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Soil sucks up 65,000 tonnes of carbon dioxide


A city-centre site earmarked to become the heart of sustainability research in Newcastle is already playing a key role in mitigating the effects of climate change.

Research carried out by Newcastle and Oxford universities, has shown that Science Central – a 10ha brownfield site in the centre of Newcastle – has already ‘captured’ around 38,000 tonnes of CO 2 from the atmosphere and has the potential to remove a further 27,000 tonnes.

This is estimated to be the same amount of carbon as will be removed from the site in the form of coal during the first phase of the development – a legacy of the former North Elswick Colliery which occupied the site until the 1940s.

Publishing their findings this month in the academic journal Science of the Total Environment, the project has been led by PhD student Carla-Leanne Washbourne and Professor David Manning, of Newcastle University in collaboration with Dr Phil Renforth in the Department of Earth Sciences, University of Oxford.

Professor Manning said the results highlighted the potential of urban soils to remove CO 2 from the atmosphere.

“Any carbon we release as a result of coal extraction is effectively being cancelled-out by the carbon that has been absorbed by the soil on the site,” explains Professor Manning, based in the School of Civil Engineering and Geosciences.

“Urban soils tend to be rich in waste materials such as concrete or metal slag that contain calcium and magnesium.  These minerals capture and store atmospheric carbon through the processes of weathering to form carbonates which are chemically stable and a permanent store of soil carbon.

“This means that on sites such as Science Central, we can offset carbon-intensive development through soil engineering.”

Funded by the Engineering and Physical Sciences Research Council (EPSRC) and the Natural Environment Research Council (NERC), the team analysed the geochemistry of the site in order to assess its potential to capture and store carbon as carbonate minerals.

The former home of the Scottish and Newcastle Breweries, the Science Central site is covered by approximately 1 million tonnes of demolition material, spread on the site as a layer of ‘made ground’ from 0.2 to 6.0 m in thickness.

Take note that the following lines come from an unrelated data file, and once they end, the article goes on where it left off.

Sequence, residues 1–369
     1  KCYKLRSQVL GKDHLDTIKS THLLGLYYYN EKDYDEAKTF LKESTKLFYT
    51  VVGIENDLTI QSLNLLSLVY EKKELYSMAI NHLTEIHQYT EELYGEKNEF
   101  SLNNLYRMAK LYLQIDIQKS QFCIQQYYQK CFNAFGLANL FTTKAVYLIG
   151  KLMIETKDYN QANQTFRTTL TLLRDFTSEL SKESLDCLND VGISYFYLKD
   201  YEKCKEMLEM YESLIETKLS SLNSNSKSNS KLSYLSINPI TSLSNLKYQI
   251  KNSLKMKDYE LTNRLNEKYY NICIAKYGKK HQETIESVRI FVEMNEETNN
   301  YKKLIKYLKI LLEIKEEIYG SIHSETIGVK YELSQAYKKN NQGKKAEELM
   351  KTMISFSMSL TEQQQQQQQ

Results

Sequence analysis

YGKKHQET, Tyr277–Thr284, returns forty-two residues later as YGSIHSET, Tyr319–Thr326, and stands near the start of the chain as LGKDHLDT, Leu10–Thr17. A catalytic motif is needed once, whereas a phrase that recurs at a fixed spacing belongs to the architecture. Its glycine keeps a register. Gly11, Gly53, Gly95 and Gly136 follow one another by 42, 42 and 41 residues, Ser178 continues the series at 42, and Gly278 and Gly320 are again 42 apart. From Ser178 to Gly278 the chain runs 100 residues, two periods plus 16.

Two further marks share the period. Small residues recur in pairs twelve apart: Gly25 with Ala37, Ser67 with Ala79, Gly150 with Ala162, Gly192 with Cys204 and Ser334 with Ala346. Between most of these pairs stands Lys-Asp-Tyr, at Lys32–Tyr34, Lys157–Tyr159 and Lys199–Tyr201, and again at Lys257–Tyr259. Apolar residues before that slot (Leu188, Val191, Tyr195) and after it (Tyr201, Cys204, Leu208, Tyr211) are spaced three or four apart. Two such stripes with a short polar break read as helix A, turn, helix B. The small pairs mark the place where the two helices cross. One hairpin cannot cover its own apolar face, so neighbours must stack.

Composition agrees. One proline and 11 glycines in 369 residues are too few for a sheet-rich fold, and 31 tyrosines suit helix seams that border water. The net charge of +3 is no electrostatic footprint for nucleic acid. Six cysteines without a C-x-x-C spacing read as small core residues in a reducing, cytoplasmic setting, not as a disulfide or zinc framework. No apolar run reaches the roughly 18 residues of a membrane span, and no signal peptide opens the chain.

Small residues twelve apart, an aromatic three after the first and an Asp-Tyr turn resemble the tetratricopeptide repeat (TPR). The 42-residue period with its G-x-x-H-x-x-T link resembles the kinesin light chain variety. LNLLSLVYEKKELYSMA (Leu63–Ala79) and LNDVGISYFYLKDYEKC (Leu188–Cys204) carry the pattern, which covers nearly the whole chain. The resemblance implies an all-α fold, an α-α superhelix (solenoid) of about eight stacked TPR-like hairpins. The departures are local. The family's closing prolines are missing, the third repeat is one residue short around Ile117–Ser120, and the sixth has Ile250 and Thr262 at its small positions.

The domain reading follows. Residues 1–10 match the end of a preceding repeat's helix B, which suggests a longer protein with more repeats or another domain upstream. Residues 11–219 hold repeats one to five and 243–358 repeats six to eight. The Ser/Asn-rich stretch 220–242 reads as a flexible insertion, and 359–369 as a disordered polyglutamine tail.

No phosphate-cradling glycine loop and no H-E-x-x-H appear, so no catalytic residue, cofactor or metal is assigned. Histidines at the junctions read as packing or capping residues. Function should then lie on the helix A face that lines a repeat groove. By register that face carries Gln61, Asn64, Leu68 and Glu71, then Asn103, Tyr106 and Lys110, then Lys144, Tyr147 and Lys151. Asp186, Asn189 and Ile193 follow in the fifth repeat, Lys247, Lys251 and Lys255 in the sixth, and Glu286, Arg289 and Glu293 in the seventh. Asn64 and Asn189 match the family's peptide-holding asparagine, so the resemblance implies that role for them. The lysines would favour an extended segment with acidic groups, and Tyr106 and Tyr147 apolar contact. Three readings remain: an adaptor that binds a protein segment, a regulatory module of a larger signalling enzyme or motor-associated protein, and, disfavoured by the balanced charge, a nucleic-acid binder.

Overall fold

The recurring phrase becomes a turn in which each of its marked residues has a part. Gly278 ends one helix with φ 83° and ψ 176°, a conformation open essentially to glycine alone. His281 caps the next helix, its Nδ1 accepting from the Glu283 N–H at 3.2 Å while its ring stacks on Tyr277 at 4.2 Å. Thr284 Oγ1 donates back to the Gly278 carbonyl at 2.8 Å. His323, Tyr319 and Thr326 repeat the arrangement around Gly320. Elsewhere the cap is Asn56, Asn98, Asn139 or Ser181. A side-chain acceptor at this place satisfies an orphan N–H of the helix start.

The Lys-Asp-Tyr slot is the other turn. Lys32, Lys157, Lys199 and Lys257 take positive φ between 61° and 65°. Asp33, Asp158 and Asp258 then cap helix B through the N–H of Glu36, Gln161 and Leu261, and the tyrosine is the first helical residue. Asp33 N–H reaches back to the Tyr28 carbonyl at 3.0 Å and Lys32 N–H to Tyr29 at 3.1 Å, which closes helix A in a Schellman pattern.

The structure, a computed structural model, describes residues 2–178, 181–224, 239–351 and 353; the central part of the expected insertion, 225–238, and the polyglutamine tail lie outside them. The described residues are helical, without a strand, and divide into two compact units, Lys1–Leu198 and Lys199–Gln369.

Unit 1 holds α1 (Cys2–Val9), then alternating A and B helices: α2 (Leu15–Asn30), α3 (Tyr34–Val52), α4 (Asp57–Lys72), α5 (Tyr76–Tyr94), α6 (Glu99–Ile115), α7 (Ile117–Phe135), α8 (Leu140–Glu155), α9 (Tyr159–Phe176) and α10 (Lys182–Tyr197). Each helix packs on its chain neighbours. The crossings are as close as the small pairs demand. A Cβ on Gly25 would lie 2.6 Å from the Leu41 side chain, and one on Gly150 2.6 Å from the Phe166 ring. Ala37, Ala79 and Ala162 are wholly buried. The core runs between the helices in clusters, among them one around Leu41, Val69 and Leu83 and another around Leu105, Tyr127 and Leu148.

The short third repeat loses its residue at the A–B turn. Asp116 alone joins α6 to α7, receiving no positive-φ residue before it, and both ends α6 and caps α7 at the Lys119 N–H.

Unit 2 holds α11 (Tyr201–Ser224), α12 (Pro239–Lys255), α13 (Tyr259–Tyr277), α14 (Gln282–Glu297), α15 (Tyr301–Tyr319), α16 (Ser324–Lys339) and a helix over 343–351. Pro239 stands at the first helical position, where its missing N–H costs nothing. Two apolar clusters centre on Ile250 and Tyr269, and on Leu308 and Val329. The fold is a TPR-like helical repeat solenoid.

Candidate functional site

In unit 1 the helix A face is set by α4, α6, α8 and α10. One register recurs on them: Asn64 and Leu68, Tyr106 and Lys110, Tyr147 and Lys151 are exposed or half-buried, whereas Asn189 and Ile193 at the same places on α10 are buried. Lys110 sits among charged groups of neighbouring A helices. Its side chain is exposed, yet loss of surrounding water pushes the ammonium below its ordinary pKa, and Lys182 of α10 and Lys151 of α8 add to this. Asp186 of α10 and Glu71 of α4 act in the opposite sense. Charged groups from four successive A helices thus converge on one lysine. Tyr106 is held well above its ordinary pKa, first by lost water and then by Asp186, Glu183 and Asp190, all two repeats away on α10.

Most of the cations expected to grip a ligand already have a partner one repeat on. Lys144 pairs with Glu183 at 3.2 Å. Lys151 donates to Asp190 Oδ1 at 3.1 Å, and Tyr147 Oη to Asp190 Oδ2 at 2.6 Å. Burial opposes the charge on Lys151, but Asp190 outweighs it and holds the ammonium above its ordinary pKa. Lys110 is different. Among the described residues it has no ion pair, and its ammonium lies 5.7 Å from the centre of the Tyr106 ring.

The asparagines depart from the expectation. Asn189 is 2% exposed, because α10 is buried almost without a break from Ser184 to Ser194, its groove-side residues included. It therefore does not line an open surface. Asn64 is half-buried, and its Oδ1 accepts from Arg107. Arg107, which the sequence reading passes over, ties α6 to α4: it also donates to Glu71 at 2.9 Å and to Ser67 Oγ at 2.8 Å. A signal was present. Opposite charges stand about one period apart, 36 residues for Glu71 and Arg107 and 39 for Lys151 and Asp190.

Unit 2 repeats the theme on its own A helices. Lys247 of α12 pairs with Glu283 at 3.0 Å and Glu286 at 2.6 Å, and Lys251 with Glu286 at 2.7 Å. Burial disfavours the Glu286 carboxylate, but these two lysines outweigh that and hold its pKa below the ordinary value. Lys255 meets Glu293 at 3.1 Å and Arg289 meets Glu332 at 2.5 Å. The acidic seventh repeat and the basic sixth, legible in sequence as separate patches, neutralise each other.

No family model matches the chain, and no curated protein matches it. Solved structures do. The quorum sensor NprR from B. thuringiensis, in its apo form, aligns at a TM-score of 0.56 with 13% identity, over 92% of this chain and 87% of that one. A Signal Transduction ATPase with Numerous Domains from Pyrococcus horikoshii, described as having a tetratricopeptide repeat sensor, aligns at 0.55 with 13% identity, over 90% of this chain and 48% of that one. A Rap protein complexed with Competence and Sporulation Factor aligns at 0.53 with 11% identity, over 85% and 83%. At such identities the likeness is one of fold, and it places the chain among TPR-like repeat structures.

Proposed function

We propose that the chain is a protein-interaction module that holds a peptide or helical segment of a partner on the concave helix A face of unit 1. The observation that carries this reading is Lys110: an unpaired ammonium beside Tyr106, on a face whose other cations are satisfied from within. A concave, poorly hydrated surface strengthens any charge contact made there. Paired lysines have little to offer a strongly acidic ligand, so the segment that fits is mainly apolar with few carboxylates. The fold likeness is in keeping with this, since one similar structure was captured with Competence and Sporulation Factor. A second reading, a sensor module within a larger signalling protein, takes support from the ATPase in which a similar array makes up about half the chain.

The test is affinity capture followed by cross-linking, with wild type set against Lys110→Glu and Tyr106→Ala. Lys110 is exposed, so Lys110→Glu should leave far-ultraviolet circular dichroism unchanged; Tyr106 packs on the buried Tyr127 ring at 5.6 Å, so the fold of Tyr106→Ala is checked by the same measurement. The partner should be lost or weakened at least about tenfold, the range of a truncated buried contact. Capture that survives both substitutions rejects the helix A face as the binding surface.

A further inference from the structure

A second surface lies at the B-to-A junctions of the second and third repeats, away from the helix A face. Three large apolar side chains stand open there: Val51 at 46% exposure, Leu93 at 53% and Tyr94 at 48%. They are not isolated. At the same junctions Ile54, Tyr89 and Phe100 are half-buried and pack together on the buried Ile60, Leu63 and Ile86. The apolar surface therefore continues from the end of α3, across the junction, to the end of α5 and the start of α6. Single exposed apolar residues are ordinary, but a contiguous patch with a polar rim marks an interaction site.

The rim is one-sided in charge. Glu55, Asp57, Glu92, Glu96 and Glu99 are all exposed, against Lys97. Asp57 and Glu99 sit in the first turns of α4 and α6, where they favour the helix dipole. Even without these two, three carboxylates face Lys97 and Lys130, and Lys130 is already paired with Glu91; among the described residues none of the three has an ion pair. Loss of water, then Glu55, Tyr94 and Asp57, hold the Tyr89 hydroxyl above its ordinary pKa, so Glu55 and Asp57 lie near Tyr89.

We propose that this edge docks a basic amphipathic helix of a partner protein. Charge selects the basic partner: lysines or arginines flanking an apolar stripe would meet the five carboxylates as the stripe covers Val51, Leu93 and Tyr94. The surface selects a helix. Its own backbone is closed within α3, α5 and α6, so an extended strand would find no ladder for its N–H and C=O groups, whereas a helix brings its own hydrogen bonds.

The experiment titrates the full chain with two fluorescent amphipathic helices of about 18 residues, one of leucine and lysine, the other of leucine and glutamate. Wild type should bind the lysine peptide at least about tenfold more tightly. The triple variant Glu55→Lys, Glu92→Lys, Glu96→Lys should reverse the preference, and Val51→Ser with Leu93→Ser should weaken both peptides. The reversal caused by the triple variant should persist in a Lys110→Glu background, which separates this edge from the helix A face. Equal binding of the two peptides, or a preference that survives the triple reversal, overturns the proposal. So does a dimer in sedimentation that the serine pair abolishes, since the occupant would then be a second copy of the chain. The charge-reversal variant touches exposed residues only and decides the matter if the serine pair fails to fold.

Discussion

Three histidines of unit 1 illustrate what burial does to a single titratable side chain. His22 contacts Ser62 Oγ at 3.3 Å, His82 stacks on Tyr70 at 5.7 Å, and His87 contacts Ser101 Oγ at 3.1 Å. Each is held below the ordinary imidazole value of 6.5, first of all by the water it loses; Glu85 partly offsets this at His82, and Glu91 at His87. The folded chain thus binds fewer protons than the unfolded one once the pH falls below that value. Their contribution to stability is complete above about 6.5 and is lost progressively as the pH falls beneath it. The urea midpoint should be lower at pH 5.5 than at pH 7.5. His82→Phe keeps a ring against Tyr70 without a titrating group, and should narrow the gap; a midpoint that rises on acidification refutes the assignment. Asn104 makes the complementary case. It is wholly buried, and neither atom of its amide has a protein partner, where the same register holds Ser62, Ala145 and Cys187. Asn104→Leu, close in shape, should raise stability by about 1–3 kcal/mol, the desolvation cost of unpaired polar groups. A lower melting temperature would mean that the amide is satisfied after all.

The material onsite originally had an overall carbon capture and storage potential of 65,000 tonnes CO 2, equivalent to 18,000 tonnes of carbon or 30,000 tonnes of coal, since most coal is only around two thirds carbon.

Geochemical analysis suggests that within 3 years of demolition approximately 60% of this potential has already been exploited, capturing 37,500 tonnes of CO 2 and leaving a remaining capture potential of 27,500 tonnes CO 2.

Riddled with old mine-workings, early estimates suggest 30,000 tonnes of coal needs to be removed from the Science Central site – the heart of Newcastle Science City which is a partnership between Newcastle University and Newcastle City Council.

The site is underlain by shallow mine-workings at several levels.  In fact, there are more workings at more levels than just about anywhere else in the country.

In these old mines, more than half of the original coal has been left behind, as was the old style of mining where it had to be left in place to keep the roof up.

The vision for Science Central is for the creation of a new urban quarter in the centre of Newcastle which will be an exemplar in sustainability and home to Newcastle University’s Institute for Research on Sustainability (NIReS).

Professor Manning said the data from this research provided further evidence of the importance of secondary carbonate mineral formation.

“It suggests that engineered soils could be used for carbon capture and storage with the addition and management of suitable Ca/Mg-rich materials,” he explains.

“On a wider scale, the findings demonstrate the potential for a carbon capture and storage value to be assigned to some anthropogenic ‘wastes’, which could be utilised in helping to develop and support the urban ecosystem. Introducing a carbon capture and storage function in urban soil design can add environmental value with little additional energy input or expense.”

published on: 31 July 2012